“PixCell’, is a mesmerizing series of sculpture by Japanese artist Kohei Nawa, who uses variably sized glass beads (“PixCell” beads, as Nawaw calls them) to cover the entire surface of objects, mostly taxidermied animals.
The outer layer suggests a molecular structure, and also references the pixel of the computer screen. “By covering surface of an object with transparent glass beads, the existence of the object itself is replaced by “a husk of light”, and the new vision “the cell of an image” (PixCell) is shown.
– Kohei Nawa To see more Kohei Nawa’s work, please visit http://www.kohei-nawa.net/.
Ten Years After – 1967
The Philips Pavilion was a World’s Fair pavilion designed for Expo ’58 in Brussels by the office of Le Corbusier. Commissioned by Philips, an electronics company based in the Netherlands, the pavilion was designed to house a multimedia spectacle that celebrated postwar technological progress. Because Corbusier was busy with the planning of Chandigarh, much of the project management was assigned to Iannis Xenakis, who was also an experimental composer and was influenced in the design by his composition Metastaseis.
The pavilion is a cluster of nine hyperbolic paraboloids in which music, Edgar Varèse‘s Poème électronique, was spatialized by sound projectionists using telephone dials. The speakers were set into the walls, which were coated in asbestos, creating a textured look to the walls. Varèse drew up a detailed spatialization scheme for the entire piece which made great use of the physical layout of the pavilion, especially the height of it. The asbestos hardened the walls which created a cavernous acoustic. As audiences entered and exited the building Xenakis’s musique concrète composition Concret PH was heard.
“I will not make a pavilion for you but an Electronic Poem and a vessel containing the poem; light, colour image, rhythm and sound joined together in an organic synthesis”. Le Corbusier’s vision was a Poème électronique (“electronic poem”), saying he wanted d to present a ‘poem in a bottle. He asked Edgard Varèse to write an electronic score for the installation, which went on to become one of the seminal works in the genre. Iannis Xenakis also composed a piece for the installation, which was played as an interlude when the audience entered and exited the pavilion. Titled Concrèt PH, Xenakis’ composition is a series of manipulations of a recording of burning charcoal.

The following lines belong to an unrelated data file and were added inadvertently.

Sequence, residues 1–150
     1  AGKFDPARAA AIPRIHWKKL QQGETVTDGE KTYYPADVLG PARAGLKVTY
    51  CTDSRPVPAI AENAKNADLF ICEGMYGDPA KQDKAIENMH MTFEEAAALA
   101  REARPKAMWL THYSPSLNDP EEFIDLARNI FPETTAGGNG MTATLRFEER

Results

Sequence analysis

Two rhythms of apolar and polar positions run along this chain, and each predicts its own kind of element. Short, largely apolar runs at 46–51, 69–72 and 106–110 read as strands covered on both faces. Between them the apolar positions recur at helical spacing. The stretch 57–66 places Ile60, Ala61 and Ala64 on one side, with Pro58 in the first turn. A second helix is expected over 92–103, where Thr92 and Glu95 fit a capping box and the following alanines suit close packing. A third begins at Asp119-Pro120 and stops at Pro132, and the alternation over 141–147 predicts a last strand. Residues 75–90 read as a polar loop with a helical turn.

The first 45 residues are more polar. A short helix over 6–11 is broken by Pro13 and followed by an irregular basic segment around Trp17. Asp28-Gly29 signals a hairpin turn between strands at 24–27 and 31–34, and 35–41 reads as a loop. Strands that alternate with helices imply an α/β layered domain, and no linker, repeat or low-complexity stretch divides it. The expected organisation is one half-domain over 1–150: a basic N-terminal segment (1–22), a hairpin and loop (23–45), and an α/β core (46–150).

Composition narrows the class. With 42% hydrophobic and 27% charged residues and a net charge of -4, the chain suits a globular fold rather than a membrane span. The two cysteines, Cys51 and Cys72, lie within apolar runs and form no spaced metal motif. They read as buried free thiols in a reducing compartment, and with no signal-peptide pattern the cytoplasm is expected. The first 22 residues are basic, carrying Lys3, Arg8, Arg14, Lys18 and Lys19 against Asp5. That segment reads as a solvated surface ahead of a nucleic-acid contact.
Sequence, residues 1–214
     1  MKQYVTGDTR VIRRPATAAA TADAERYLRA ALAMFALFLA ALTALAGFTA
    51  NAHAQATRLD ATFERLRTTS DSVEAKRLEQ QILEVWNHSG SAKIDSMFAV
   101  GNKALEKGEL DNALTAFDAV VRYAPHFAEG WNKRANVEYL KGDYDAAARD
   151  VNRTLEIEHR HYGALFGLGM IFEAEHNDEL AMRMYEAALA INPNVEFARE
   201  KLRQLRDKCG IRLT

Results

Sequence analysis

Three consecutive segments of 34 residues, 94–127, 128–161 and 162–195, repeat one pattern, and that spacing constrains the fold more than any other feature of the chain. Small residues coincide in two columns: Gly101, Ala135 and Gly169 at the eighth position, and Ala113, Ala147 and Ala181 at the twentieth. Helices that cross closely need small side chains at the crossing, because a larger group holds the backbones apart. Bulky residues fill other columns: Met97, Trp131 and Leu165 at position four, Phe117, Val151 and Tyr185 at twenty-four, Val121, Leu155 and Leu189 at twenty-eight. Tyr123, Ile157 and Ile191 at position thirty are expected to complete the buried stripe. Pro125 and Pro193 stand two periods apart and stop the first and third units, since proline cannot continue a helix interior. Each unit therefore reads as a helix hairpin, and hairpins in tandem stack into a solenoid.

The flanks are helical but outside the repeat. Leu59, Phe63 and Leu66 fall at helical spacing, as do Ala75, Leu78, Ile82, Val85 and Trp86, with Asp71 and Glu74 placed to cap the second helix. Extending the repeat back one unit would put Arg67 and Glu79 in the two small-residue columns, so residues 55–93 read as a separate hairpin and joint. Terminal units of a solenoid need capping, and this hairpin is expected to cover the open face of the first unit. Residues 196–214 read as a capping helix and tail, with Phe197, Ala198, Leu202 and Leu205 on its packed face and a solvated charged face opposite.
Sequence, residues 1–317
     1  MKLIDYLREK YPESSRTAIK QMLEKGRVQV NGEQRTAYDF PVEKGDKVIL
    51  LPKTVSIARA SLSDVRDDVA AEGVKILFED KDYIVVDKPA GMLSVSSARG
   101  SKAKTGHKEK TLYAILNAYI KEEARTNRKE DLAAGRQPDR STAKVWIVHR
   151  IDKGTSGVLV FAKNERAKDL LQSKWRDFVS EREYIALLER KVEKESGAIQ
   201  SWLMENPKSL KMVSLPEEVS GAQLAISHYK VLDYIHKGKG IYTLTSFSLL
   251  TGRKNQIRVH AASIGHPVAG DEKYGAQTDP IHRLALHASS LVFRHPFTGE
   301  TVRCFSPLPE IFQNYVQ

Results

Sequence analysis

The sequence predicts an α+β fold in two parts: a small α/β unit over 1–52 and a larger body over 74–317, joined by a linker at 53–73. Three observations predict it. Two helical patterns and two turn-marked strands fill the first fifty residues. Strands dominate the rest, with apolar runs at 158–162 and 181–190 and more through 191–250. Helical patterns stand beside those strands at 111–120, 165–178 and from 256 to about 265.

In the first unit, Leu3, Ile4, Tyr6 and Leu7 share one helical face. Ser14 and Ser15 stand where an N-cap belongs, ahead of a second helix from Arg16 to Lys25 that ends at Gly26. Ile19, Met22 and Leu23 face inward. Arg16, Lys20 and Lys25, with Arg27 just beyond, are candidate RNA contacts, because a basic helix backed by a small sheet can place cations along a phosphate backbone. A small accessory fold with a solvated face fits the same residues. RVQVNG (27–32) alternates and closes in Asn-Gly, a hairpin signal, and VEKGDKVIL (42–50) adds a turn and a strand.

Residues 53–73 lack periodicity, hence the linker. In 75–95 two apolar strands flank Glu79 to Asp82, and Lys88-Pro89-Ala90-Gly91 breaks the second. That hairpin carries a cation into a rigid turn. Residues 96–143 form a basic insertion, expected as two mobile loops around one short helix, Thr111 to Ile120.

“Every day, I travelled to Kings Cross and back. Coming home late at night, it was like a party and I felt the tube was mine and I was there to take pictures.” – Bob Mazzer.
While working as film projectionist in a porn cinema in the 80s, Bob Mazzer began photographing on the tube during his daily commute, documenting the individuals and events he witnessed on the the London Underground.
The punk, the patriot; the beauty, the beast, the drunk and the mischief. Mazzer’s photos captured some of the most influential subcultures to ever emerge from London in the 70s and 80s.
‘Bob Mazzer – Underground’ will be on show in Howard Griffin Gallery from 12 June – 13 July 2014.
Granny Takes a Trip was the first psychedelic boutique in “Swinging London” in the 1960s.
The boutique was the brainchild of graphic designer Nigel Weymouth and his girlfriend Sheila Cohen – part time actress and fanatical collector of vintage clothing. In the summer of 1965, John Pearse, who had trained as a tailor on Savile Row, agreed to join them in the venture. Granny Takes a Trip opened it’s doors in December 1965 at 488 King’s Road, – an area known as World’s End in Chelsea.
The name of the boutique was giving away its policy – ‘Granny’ symbolized the influence of the past, and ‘Trip’ , a colourful world of bougeoing hippie movement and its drug of choice – LSD.
Initially the ambience was a mixture of New Orleans bordello and futuristic fantasy. Marbled patterns papered the walls, with rails carrying an assortment of brightly coloured clothes. Lace curtains draped the doorway of its single changeroom, and a beaded glass curtain hung over the entrance at the top of steps, which led on into the shop. In the back room, an Art DecoWurlitzer blasted out a selection of music.
The boutique clothed London’s fashionable young men and women, including many major rock performers. A constant stream of people visited the shop, especially on Saturdays during the weekly King’s Road Parade.
The facade of the boutique was an ever changing display of psychedelia, from Native American chiefs to the giant pop-art face of Jean Harlow and a car driving out of the window.